• Race is not biological, and there is no scientific evidence to support this idea.  Syracuse University created a US version of an exhibition investigating the alleged connections between race and biology, and no connections were found.  Skin color is only genetically significant in terms of melanin, migration patterns, and geography.  There are more genetic differences within ethnic groups than there are genetic differences between ethnic groups.  The excerpt below was taken from one of the exhibition panels:

    “Some of our physical differences give the impression that it is possible to divide us into races. But when these physical characteristics are subjected to detailed study, that cannot be concluded at all. Instead it becomes obvious that our physical diversity reflects continuous changes from one extreme to the other of the continents. To place any boundaries within this continuous diversity would be, therefore, completely arbitrary. Human diversity is in fact infinitely more complicated than the idea we have constructed of it. This is why attempts to make racial classifications don’t yield any coherent results; there is nothing scientific about “races”. The science of genetics teaches us that it is impossible to attribute physical resemblance to genetic resemblance.” [bold and italics added]

    There is some seriously problematic shit about that exhibition, and that website, in terms of how the ideas are presented and what doesn’t get addressed… which leads us to another bullet point.

  • This quote uses a seemingly neutral word that erases huge amounts of historical specifics: “… more complicated than the idea we have constructed of it.”  By “we” the author meant elite white European men during the Age of “Enlightenment.”  In 1735, Charles Linnaeus published The General System of Nature in which bogus ideas of racial hierarchies began to be theorized and formed.  By then Europeans and friends, who had colonized most of the planet, needed a justification for killing, raping, conquering, enslaving, and displacing Indigenous peoples.  The concepts of race, both the invented superiority of white Europeans and the invented inferiority of Indigenous non-white ‘others,’ were created to make such a justification possible.
  • These hundreds of years of history lead to these ideas being concretely rooted in institutional and social practices in the present day US (since we’re writing from the US, these are the race relations being discussed).  Some examples include, but are not limited to: genocide, slavery, segregation, boarding schools that “civilized” American Indian “savages,” Japanese internment camps, higher rates of imprisonment, lack of access to education/housing/healthcare for POC, and much more.  What these practices reveal is this: while race is an invention, an illusion, and something that cannot be scientifically proven, it is also a social fact.  It is something that has a function, something that is taught, learned, and enforced.  It is experienced and it is present.  It is, to this day, still used with its original intention of uplifting whiteness and oppressing POC.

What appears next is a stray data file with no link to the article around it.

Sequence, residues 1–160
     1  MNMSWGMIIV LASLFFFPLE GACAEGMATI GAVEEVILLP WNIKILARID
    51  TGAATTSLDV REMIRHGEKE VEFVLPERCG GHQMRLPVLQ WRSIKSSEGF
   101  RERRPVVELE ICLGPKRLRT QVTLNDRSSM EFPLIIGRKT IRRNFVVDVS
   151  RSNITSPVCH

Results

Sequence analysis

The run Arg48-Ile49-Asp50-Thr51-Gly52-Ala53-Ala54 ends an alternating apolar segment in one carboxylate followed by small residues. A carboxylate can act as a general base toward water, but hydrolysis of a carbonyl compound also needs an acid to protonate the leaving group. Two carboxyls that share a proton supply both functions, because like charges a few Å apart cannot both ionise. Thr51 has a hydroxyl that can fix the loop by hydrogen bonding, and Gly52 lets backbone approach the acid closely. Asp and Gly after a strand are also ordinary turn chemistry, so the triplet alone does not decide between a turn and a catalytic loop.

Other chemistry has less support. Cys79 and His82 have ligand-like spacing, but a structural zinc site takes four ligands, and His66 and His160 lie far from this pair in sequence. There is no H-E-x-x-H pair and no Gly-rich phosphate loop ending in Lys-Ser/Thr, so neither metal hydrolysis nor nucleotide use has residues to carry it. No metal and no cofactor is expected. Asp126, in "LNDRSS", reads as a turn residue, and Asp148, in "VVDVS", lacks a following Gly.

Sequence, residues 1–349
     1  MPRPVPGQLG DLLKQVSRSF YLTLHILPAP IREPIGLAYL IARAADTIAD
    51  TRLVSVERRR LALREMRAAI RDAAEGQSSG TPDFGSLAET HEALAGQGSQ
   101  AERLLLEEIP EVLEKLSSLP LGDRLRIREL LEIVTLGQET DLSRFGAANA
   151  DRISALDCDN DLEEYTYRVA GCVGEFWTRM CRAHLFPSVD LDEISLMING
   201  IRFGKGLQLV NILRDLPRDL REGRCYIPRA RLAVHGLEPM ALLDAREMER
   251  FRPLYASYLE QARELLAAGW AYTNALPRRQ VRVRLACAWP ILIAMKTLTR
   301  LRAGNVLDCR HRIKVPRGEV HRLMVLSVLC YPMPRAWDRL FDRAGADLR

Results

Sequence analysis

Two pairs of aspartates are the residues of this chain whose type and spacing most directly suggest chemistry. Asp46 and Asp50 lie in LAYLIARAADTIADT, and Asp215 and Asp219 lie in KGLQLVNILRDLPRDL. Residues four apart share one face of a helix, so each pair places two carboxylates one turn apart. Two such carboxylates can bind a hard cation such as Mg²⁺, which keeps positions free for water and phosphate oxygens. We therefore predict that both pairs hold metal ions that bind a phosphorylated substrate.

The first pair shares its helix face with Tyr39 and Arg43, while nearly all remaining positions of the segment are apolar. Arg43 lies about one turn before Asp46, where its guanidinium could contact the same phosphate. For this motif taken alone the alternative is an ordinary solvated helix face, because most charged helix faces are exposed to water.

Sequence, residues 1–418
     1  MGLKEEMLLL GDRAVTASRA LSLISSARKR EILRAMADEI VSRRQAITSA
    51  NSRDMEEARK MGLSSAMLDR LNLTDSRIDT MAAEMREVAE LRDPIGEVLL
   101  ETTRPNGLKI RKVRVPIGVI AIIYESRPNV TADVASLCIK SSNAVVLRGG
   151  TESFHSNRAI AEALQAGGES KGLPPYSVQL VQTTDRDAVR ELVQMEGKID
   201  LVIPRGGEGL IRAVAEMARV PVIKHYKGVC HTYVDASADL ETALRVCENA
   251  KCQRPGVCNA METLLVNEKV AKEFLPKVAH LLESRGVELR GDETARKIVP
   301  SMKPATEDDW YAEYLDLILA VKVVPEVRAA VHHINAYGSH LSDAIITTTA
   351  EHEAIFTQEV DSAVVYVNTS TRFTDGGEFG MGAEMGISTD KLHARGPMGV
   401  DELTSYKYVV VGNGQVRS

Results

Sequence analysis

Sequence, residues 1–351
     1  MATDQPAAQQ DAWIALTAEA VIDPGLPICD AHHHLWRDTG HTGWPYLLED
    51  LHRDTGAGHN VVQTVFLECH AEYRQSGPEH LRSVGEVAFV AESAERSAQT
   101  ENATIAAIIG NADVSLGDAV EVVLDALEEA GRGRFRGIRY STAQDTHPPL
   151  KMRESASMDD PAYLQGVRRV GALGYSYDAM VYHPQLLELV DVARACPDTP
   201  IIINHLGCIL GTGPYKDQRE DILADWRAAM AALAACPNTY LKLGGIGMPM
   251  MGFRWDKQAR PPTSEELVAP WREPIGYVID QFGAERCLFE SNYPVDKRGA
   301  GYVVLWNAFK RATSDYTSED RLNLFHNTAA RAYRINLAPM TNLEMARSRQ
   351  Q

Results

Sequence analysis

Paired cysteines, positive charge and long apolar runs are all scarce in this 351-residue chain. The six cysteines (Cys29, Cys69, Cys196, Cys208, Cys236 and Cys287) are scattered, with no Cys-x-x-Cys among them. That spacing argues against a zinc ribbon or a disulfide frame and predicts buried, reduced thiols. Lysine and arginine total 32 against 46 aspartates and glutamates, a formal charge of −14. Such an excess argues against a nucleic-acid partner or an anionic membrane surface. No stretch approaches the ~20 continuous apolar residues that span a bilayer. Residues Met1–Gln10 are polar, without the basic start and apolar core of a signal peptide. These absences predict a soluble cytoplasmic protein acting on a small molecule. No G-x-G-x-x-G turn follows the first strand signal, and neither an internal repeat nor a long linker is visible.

• Constructions of race have material consequences.  No one can biologically prove that white skin is superior to different skin colors, but this is how whiteness has been constructed socially—meaning white folks created this nonsense and we perpetuate it, which is reflected in all of the laws and movements that had to pass/occur in order for POC to gain some access to institutions that were exclusively reserved for white folks.  That is why all white folks and folks with skin privilege (moderators of this blog included) still benefit from this legacy of race; we still reap the rewards and consequences of slavery even if we don’t own slaves in the current moment in time.  Safety and privilege for white folks are the consequences of white supremacy, just as racism and oppression are the consequences of white supremacy for POC.  The meanings that are assigned to race are fiction, the social experiences of race and corresponding advantages or disadvantages are fact.